8. An apparatus as claimed in claim 1, wherein the first current source is coupled to a cascode transistor.
Description

The present invention relates to an integrated circuit apparatus of the type, for example, comprising a compensation circuit to compensate for process variations in current sources. The present invention also relates to a method of compensating a current of the type, for example, flowing through a current source subject to process variations.

In the field of optical equalisation, it is currently desirable to develop Integrated Circuits (ICs) to extend electrically the optical transmission distance achievable at 10 Gb/s over multi-mode fibre. A short-term goal is to achieve lossless data transmission at 10 Gb/s over 300 metres of multi-mode grade fibre. Currently, an equalizer architecture sufficiently robust to achieve the 300 metres of lossless transmission consistently is not available. Work is thus underway in a number of companies to improve the equalizer algorithms and their implementations in silicon and software to achieve this 300 metre goal.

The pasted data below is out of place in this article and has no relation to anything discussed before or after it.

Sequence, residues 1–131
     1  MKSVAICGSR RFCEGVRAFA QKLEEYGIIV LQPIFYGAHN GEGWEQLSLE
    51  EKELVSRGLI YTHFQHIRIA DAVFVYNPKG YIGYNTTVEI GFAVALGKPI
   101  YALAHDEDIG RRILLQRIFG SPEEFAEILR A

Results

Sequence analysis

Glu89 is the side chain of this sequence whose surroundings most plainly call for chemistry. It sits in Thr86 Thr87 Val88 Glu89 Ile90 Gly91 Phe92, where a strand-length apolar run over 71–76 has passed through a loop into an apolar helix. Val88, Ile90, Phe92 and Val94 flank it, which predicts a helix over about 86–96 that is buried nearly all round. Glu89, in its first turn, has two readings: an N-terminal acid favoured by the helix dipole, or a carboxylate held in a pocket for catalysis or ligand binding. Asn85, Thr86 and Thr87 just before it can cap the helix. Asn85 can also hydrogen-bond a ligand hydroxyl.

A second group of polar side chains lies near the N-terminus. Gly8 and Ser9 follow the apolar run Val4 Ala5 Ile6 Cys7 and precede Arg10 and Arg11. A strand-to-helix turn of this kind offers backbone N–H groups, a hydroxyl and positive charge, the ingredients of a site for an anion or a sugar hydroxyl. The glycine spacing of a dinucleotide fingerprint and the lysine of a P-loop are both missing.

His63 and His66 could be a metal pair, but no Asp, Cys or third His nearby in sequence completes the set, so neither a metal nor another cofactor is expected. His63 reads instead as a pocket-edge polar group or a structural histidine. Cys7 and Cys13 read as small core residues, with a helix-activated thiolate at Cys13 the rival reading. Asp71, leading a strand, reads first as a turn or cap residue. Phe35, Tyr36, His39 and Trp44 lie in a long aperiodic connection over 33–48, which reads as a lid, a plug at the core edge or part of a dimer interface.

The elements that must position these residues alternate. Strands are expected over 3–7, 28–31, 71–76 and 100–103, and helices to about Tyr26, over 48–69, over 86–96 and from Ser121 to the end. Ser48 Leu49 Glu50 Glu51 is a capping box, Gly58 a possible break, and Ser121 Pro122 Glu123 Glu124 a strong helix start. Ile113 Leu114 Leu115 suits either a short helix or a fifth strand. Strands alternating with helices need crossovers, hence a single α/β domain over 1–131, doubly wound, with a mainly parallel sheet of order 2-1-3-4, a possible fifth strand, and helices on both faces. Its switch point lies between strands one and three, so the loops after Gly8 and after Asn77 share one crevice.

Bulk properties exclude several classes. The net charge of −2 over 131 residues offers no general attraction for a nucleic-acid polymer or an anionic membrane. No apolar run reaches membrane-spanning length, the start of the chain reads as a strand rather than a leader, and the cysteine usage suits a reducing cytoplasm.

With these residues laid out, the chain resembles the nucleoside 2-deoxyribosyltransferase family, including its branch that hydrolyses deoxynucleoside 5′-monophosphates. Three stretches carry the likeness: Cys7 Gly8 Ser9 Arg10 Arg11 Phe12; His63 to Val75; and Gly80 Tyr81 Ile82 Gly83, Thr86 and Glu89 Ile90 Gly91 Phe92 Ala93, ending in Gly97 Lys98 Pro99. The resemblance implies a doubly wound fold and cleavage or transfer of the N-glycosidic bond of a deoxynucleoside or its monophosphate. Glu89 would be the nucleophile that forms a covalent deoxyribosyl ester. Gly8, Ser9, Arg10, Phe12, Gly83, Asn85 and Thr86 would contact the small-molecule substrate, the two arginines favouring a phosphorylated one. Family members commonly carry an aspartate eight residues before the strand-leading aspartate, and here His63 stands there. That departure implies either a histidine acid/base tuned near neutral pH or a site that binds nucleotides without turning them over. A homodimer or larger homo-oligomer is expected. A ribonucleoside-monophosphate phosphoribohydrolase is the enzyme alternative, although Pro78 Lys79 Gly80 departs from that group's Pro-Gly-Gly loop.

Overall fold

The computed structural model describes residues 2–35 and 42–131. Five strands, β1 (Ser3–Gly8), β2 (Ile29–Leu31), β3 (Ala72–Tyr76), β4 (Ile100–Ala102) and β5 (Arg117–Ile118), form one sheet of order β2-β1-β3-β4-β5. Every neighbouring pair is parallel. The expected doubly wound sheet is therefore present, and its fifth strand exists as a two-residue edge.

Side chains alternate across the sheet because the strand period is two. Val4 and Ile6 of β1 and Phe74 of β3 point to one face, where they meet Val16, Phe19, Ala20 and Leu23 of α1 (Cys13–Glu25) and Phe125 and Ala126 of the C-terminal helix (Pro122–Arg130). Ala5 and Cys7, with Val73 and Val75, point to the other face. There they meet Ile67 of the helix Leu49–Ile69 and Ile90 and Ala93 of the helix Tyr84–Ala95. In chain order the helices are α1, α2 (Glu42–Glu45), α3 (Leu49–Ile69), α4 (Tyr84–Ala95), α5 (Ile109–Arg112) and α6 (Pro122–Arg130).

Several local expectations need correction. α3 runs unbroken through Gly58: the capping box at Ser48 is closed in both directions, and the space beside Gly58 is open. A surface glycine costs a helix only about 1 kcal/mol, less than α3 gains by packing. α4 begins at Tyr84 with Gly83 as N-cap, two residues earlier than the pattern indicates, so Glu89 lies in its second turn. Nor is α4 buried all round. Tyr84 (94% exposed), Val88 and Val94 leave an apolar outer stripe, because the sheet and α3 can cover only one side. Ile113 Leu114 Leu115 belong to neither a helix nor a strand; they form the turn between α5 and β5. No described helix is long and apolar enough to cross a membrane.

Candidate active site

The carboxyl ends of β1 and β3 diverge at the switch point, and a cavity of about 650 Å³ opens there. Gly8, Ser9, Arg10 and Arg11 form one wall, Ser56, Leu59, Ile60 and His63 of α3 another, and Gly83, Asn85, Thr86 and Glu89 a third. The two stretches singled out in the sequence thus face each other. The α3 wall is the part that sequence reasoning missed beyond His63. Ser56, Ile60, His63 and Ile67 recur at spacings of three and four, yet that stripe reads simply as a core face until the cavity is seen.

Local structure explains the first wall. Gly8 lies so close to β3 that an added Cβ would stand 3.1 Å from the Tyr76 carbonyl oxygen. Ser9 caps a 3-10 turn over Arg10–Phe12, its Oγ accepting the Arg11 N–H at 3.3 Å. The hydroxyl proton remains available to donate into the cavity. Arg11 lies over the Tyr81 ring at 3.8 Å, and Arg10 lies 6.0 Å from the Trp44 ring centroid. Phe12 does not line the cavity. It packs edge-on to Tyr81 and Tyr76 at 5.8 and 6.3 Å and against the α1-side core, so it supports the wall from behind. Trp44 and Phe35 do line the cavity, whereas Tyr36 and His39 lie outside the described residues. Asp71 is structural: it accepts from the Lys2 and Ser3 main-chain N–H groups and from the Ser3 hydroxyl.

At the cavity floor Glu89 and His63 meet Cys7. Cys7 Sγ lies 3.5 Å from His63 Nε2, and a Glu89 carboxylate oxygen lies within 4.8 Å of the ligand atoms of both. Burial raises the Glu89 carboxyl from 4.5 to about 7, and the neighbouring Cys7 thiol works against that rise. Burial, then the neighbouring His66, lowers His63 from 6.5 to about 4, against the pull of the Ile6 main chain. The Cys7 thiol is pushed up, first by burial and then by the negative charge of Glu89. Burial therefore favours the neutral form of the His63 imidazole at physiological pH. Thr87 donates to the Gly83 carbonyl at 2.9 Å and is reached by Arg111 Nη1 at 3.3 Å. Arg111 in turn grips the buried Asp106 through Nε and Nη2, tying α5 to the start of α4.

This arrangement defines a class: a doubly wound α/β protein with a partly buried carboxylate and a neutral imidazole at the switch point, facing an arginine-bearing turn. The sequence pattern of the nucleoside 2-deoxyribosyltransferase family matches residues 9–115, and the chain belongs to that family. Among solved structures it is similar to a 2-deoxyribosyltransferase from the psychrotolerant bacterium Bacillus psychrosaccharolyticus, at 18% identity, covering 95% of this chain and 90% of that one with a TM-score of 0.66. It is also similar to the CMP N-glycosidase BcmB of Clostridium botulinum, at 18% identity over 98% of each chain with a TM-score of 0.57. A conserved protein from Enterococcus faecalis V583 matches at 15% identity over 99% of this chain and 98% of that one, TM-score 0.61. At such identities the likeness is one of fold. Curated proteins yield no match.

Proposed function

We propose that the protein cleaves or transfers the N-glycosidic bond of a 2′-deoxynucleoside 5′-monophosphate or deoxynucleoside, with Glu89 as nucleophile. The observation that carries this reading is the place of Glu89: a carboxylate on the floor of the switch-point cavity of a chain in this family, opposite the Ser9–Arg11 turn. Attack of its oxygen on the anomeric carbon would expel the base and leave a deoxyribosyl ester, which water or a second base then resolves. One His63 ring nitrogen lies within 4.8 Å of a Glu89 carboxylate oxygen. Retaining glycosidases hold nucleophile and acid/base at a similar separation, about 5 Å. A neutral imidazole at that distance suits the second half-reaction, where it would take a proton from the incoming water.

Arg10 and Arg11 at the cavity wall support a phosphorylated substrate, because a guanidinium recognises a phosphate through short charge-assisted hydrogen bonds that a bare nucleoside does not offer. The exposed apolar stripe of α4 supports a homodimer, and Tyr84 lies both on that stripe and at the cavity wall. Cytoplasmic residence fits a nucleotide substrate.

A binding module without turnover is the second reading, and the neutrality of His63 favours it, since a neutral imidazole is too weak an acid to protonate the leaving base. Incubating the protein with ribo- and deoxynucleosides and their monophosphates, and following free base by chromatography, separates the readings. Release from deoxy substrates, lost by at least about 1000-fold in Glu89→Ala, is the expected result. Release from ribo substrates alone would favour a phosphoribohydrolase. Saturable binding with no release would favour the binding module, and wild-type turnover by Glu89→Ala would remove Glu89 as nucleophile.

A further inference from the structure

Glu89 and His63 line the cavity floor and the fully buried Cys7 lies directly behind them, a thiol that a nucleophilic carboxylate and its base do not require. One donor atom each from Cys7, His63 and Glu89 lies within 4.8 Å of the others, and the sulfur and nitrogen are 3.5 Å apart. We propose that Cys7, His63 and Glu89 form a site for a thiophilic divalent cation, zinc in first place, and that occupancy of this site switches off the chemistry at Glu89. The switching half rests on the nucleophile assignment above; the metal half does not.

In this respect, a post-amplifier Automatic Gain Control (AGC) circuit is employed as part of an integrated circuit to perform the above-described optical equilisation. The integrated circuit is, of course reproduced a large number of times on a semiconductor wafer, but due to the nature of semiconductor processing techniques, a given semiconductor device in one instance of the integrated circuit may operate differently to a corresponding semiconductor device in another instance of the integrated circuit. Such inconsistencies are known as process variations. Indeed, variations are also likely to exist between current sources formed on different semiconductor wafers.

In analogue integrated circuits, process variations are difficult to control, resulting in the circuit performance differences that can result affecting the fabrication yield of a manufacturing process for the integrated circuits.